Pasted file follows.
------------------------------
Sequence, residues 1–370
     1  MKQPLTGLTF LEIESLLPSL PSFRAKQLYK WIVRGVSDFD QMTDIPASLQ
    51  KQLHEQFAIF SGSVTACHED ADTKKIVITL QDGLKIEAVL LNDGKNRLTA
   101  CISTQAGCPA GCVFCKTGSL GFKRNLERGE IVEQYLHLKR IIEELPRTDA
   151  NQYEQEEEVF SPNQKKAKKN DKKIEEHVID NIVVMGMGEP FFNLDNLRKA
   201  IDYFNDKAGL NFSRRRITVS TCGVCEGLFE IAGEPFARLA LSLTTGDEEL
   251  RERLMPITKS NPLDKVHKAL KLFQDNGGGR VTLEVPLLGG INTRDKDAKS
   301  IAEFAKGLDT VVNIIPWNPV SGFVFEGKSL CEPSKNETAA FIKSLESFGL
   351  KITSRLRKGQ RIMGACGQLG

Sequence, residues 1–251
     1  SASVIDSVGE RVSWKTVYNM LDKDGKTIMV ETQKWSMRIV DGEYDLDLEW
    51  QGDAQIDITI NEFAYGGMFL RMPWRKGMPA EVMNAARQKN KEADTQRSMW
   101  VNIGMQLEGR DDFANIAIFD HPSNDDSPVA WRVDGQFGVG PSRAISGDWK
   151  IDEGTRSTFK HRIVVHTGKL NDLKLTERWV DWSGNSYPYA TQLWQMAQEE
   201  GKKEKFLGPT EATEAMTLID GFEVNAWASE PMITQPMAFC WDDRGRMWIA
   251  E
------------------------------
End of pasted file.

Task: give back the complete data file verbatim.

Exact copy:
Sequence, residues 1–370
     1  MKQPLTGLTF LEIESLLPSL PSFRAKQLYK WIVRGVSDFD QMTDIPASLQ
    51  KQLHEQFAIF SGSVTACHED ADTKKIVITL QDGLKIEAVL LNDGKNRLTA
   101  CISTQAGCPA GCVFCKTGSL GFKRNLERGE IVEQYLHLKR IIEELPRTDA
   151  NQYEQEEEVF SPNQKKAKKN DKKIEEHVID NIVVMGMGEP FFNLDNLRKA
   201  IDYFNDKAGL NFSRRRITVS TCGVCEGLFE IAGEPFARLA LSLTTGDEEL
   251  RERLMPITKS NPLDKVHKAL KLFQDNGGGR VTLEVPLLGG INTRDKDAKS
   301  IAEFAKGLDT VVNIIPWNPV SGFVFEGKSL CEPSKNETAA FIKSLESFGL
   351  KITSRLRKGQ RIMGACGQLG

Sequence, residues 1–251
     1  SASVIDSVGE RVSWKTVYNM LDKDGKTIMV ETQKWSMRIV DGEYDLDLEW
    51  QGDAQIDITI NEFAYGGMFL RMPWRKGMPA EVMNAARQKN KEADTQRSMW
   101  VNIGMQLEGR DDFANIAIFD HPSNDDSPVA WRVDGQFGVG PSRAISGDWK
   151  IDEGTRSTFK HRIVVHTGKL NDLKLTERWV DWSGNSYPYA TQLWQMAQEE
   201  GKKEKFLGPT EATEAMTLID GFEVNAWASE PMITQPMAFC WDDRGRMWIA
   251  E